So I learned that my favorite coffee shops is closing. It's only a half a block from our flat ('apartment' on this side of the pond-but 'flat' is such a better word) and it had the seeds of being a missional place for us. We were getting to know the barrista's, the regulars, and the musicians that played there on occasion.
I don't know why they are closing, but Makeesha (my wife) said that they said that a Starbucks was opening across the street. They may have been closing up anyway, but it did get me thinking - again - about big corporations and it begged the question for me this morning; Are the intrusions of big corporations into cities and towns forcing the smaller independent businesses to close shop a social justice issue?
Some may argue that in a free society the masses make those decisions and if people didn't want big companies, they wouldn't give them the business.
I would subjectively argue (and those who poll these sorts of things find the same results so I know I'm not alone in thinking this) that Wal-Mart does not provide the best retail, Starbucks does not serve the best coffee, Microsoft does not make the best computers, and Exxon does not supply the most efficient form of energy for our cars and homes. Although, at the outset, these companies were known for being innovative and customer service driven, once they became the bullies of the playground, two problems arose. One is they are so big the hairball that entangles them are much harder to work through (Read Gordon MacKenzie's "Orbiting the Giant Hairball") and the other reason, is the "why bother" reason. If they are the only real choice, why strive to be the best?
Our not so recent obsession with consumerism (which I've blogged about recently on my blog) certainly can be blamed as well. If we want bigger and cheaper, and the billion dollar companies that can afford the marketing to tell us that they have what we need - and I would even claim they they help us believe we want bigger and cheaper -can combine to bring us a marriage of convenience, then the smaller businesses can watch the wedding ceremony and wonder if they will die an old maid.
Lenin (not John, but that other guy from Russia) said that if a lie is told enough, it will be believed to be true. Advertising can't outright lie, but the principle applies. Do we really believe that Exxon is looking out for the environment and is on the cutting edge of a new green world where Global Warming is only learned about in history books? (I recommend watching "Who Killed the Electric Car"). So who has the money for marketing and advertising? Big companies. Who has power to persuade those in political office because they have the money to control the marketing to sway voters? Big companies.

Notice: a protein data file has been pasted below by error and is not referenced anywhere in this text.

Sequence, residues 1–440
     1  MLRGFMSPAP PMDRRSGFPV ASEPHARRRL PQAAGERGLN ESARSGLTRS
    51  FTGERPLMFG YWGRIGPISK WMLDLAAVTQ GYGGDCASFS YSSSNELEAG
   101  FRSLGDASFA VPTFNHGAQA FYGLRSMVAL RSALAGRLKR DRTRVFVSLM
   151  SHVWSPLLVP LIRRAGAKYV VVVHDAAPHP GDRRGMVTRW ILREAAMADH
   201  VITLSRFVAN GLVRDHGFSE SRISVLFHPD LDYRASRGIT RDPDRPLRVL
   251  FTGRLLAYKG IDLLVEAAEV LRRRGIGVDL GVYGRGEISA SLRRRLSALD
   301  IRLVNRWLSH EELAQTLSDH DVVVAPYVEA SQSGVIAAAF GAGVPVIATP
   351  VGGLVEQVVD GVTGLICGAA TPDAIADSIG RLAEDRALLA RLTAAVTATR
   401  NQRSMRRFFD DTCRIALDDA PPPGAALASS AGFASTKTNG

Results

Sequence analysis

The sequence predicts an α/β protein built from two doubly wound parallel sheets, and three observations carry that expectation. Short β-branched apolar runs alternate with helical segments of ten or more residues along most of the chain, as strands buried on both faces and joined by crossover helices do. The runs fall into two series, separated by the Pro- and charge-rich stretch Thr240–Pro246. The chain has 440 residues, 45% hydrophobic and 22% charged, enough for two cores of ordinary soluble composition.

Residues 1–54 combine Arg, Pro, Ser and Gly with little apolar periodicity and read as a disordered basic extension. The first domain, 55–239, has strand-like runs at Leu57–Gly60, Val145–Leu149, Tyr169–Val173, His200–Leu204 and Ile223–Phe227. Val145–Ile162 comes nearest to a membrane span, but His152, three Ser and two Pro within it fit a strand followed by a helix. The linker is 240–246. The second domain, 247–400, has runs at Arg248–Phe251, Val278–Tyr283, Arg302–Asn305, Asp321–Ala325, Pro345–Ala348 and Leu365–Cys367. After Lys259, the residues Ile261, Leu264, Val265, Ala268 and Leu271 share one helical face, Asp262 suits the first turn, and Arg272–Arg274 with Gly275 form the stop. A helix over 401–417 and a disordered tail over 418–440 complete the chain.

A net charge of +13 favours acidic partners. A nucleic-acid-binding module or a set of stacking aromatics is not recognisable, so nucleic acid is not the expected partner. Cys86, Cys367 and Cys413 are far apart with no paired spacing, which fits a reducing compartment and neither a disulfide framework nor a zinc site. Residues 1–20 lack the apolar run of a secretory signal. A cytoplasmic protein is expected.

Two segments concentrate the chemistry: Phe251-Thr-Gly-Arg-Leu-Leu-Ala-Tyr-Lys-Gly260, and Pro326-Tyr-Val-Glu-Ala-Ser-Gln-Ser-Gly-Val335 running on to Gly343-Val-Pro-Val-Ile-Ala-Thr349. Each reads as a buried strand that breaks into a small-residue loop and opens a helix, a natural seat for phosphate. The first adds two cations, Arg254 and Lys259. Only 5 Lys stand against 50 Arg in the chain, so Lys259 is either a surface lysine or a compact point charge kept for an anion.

And these companies, many of them having more income than third world countries, do not necessarily have our best interest in mind. In Tom Sine's book, "Mustard Seed versus McWorld" he notes that while share holders and CEO's make record incomes, the middle class continues to loose ground. The middle class poor is rapidly expanding in Western Civilization. This includes the middle class that are employed by mega-corporations.
So that drives us to this question: As followers of the radical man-God Jesus, what the heck do we do? We are in the world so we must respond somehow. But we are not of the world, so our response must not be just to go along with the flow and hope we get that promotion that makes our lives a bit better. Our higher calling is to love like Jesus and not be passive about justice issues of our day.
So what answers do you have? After all Jesus loved the tax-collectors who worked for the corrupt Rome just as much as he loved the zealots who wanted to subvert and even overthrow their big money Empire. Jesus loves the kind elderly person greeting us a Wal-Mart, and he loves the CEO of Exxon, just as much as he loves the organic farmer selling vegetables by the side of the road, and the college drop-out barrista that as of this Sunday will no longer work at my favorite coffee shop.
What do we do?